Urban Nation is an occasional column by Harry Moroz, NAC’s federal correspondent, on the latest urban-related policy issues in Washington.
Politicians always pay the same compliment to mayors: That mayors know how to get things done. In his speech to the Democratic National Convention on Wednesday, former President Bill Clinton even gave shout-outs to Chicago’s Rahm Emanuel and Los Angeles’ Antonio Villaraigosa for their willingness to cooperate with political foes.
However hackneyed, this image of mayors is mostly true. Trash gets picked up. Kids go to school. Roads are paved. (Though the mere fact that these things happen glosses over the rather important process of how they happen, to which both Villaraigosa who is negotiating a new system of trash removal and Mayor Emanuel who is dealing with a teachers’ strike can attest.)
But shouldn’t we be tired of this picture of mayors scuttling around their respective cities putting out fires, filling potholes and keeping the peace while politicians in Washington compliment their do-goodery? We might all be accustomed to D.C.’s inaction, but since when did we become so resigned as to accept that mayors should succeed despite the feds?
The truth is that the federal government long ago conceded that federal urban policy was merely an issue of intergovernmental relations. Partnerships between the federal government and mayors either help cities flourish by providing financial support or stifle cities by the same means. But under no circumstances is Washington itself responsible for what goes on in urban America.
In a paper presented to the American Political Science Association last year, Michigan State professor Joshua Sapotichne identified a change in federal urban policymaking in the 1970s: Congress’s engagement with cities shifted from a concern with substantive urban issues to a concern with “administration.” From 1946 to 1976, congressional urban policymaking had focused on the recognizably urban issues of “Community Development,” “Socio-Spatial Welfare” and “Physical Growth and Infrastructure.” In contrast, such policymaking from 1977 to 2004 revolved around issues of “New Federalism,” “Criminal Justice” and “Regulatory Federalism.”
In other words, the Nixon-Reagan philosophy that the federal government can do best for cities by doing least has won the last 30 or so years of federal urban policymaking. As a result, at least until very recently, conversations about community development, transportation and infrastructure have necessarily been couched in the language of federalism — will the long fingers of the federal government stifle the good work being done by mayors? — rather than the language of place.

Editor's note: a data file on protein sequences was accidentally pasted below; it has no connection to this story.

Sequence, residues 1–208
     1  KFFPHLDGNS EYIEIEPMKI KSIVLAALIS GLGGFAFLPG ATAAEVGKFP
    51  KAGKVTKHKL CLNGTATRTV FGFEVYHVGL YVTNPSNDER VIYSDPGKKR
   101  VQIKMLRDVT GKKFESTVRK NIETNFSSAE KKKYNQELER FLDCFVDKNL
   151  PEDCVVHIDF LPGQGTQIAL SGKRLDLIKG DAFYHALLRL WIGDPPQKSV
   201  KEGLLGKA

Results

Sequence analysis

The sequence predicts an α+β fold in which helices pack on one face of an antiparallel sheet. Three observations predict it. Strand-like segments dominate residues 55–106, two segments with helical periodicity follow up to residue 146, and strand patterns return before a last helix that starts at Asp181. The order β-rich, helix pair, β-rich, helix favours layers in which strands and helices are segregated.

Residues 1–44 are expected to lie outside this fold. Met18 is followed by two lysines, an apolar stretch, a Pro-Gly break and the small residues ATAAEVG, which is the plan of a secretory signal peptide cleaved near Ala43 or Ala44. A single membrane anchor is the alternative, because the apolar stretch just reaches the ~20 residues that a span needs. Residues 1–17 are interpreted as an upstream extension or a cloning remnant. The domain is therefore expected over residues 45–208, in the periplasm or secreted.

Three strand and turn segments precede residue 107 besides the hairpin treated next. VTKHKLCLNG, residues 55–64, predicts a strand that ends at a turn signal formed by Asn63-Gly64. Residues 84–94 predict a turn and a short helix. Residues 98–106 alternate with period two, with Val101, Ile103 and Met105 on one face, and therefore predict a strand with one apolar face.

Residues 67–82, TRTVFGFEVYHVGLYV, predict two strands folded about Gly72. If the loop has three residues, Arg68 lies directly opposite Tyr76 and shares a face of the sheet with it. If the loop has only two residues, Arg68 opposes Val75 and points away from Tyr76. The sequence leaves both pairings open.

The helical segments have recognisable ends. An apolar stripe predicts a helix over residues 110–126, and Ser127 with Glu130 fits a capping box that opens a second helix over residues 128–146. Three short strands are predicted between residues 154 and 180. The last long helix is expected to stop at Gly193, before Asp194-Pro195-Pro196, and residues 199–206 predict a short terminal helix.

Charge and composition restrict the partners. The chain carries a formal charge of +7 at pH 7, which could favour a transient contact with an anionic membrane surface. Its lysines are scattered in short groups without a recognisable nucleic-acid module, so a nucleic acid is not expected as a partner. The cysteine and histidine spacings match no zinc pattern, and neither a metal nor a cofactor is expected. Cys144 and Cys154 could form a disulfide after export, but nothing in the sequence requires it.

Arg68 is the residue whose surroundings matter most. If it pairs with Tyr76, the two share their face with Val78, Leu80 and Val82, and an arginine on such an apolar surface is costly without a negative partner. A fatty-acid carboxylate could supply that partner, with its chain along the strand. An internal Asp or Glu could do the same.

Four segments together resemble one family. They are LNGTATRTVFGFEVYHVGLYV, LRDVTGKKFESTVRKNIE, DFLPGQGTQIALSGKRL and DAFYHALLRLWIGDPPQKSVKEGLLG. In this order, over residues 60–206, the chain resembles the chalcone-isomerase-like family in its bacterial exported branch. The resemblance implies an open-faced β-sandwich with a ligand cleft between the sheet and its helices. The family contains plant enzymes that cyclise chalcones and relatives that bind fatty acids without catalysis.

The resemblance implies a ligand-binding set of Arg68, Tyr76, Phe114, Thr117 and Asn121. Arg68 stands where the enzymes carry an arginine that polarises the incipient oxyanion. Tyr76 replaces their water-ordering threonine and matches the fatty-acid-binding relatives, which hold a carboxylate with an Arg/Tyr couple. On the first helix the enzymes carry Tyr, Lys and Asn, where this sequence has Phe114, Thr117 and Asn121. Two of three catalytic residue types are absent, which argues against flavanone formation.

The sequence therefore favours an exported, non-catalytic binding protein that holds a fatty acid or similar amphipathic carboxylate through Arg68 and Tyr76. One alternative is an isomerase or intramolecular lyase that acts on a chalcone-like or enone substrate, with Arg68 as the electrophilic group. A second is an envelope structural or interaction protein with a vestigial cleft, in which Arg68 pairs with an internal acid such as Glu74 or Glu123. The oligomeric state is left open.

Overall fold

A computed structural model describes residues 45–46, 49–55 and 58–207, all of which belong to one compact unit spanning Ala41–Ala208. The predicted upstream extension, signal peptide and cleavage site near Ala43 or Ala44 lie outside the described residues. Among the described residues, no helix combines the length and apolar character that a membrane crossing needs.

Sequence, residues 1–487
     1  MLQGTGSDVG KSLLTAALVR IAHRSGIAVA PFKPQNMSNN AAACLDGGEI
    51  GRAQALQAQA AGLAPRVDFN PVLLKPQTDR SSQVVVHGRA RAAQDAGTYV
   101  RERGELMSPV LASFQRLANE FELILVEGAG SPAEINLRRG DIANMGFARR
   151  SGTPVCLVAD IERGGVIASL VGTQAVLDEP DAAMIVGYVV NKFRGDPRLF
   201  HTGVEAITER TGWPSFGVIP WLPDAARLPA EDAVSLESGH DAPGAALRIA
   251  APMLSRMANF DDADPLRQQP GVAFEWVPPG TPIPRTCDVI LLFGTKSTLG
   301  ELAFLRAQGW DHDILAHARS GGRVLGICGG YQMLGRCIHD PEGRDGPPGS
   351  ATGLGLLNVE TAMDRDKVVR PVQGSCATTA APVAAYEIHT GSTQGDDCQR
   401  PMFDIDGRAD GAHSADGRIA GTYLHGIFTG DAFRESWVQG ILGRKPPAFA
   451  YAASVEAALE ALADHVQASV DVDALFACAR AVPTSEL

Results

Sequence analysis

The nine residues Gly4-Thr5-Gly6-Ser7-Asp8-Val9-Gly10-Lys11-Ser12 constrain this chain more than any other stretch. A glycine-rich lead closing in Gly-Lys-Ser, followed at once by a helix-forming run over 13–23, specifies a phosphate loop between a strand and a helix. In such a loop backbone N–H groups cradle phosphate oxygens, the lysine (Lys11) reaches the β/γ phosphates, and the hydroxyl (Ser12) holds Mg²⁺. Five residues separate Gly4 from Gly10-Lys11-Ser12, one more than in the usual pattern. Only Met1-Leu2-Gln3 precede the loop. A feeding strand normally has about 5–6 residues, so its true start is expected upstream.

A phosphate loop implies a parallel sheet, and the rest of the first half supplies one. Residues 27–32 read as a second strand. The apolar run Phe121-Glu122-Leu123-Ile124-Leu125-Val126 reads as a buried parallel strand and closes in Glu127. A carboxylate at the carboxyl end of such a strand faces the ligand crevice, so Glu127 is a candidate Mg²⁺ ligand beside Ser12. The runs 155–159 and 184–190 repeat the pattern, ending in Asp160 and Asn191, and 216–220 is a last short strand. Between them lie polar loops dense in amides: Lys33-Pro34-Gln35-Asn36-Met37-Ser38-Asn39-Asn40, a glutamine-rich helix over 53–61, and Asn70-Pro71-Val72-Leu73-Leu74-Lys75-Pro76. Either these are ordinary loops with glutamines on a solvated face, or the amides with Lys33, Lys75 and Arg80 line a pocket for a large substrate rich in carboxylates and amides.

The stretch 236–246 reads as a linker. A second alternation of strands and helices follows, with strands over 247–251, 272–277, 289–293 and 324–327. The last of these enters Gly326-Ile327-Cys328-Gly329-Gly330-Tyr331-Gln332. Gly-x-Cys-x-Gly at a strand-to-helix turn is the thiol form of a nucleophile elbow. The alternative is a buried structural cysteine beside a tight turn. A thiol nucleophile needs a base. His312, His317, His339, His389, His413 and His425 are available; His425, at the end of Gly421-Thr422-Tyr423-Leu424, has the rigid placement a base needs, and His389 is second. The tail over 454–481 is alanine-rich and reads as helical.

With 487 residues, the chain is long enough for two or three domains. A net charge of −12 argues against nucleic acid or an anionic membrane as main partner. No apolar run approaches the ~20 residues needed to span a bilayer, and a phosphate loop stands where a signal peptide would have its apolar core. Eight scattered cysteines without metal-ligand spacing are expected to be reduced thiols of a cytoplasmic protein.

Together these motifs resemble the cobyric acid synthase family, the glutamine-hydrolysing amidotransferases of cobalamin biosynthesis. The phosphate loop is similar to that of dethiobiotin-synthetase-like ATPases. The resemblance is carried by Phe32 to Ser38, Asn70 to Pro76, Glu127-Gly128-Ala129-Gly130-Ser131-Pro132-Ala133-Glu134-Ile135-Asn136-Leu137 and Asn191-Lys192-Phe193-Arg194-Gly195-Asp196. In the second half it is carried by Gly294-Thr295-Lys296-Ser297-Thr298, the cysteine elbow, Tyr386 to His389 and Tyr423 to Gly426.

The effects on city governments have been profound.
Direct federal aid to cities dropped from 15 percent of city revenues in 1978 to just 3 percent in 1999. While direct aid to city governments is highly variable across cities (and difficult to estimate accurately), in 2006 it represented 5 percent or less of total revenue for the majority of the country’s 25 largest cities.
While the stimulus package temporarily increased grants to state and local governments, these grants hit their pre-stimulus peak as a percentage of state and local revenue back in 1980.
The most profound shift, however, has been away from policies designed to improve physical infrastructure and towards ones benefiting people. In 1960, federal grants for physical capital represented about 47 percent of federal grants to state and local governments. By 2011 this percentage had dropped to 16 percent. Meanwhile, grants for people have increased from 35 percent to 64 percent of total state and local grants.
This shift, driven primarily by increased spending on health care and an increasing reliance on state block grants, is by no means a bad thing. But it demonstrates that presidents and congresses have been unconcerned with the role that place (in general) and cities (in particular) play in the country’s economic and social well-being. Place has become entirely decoupled from conversations about prosperity. Indeed, the Republican platform approved two weeks ago would continue this willful ignorance of place, even mocking the Obama administration’s willingness to consider economic geography as “social engineering.”
This era of federal urban policymaking shouldn’t be based on questions of whether the federal government is interfering in city affairs. Regardless of who sits in the Oval Office, mayors will make sure that the trash is picked up, kids go to school and roads are paved — because that is their job. The Republican default to an unconscious urban policy that throws cities to the wolves isn’t good enough. But neither is simply helping mayors do their jobs.
The federal government should once again take on the responsibility of ensuring that places thrive.
Harry Moroz is based in Washington D.C. He has written about cities for The Atlantic, Salon, the San Francisco Chronicle, the Philadelphia Inquirer and other publications.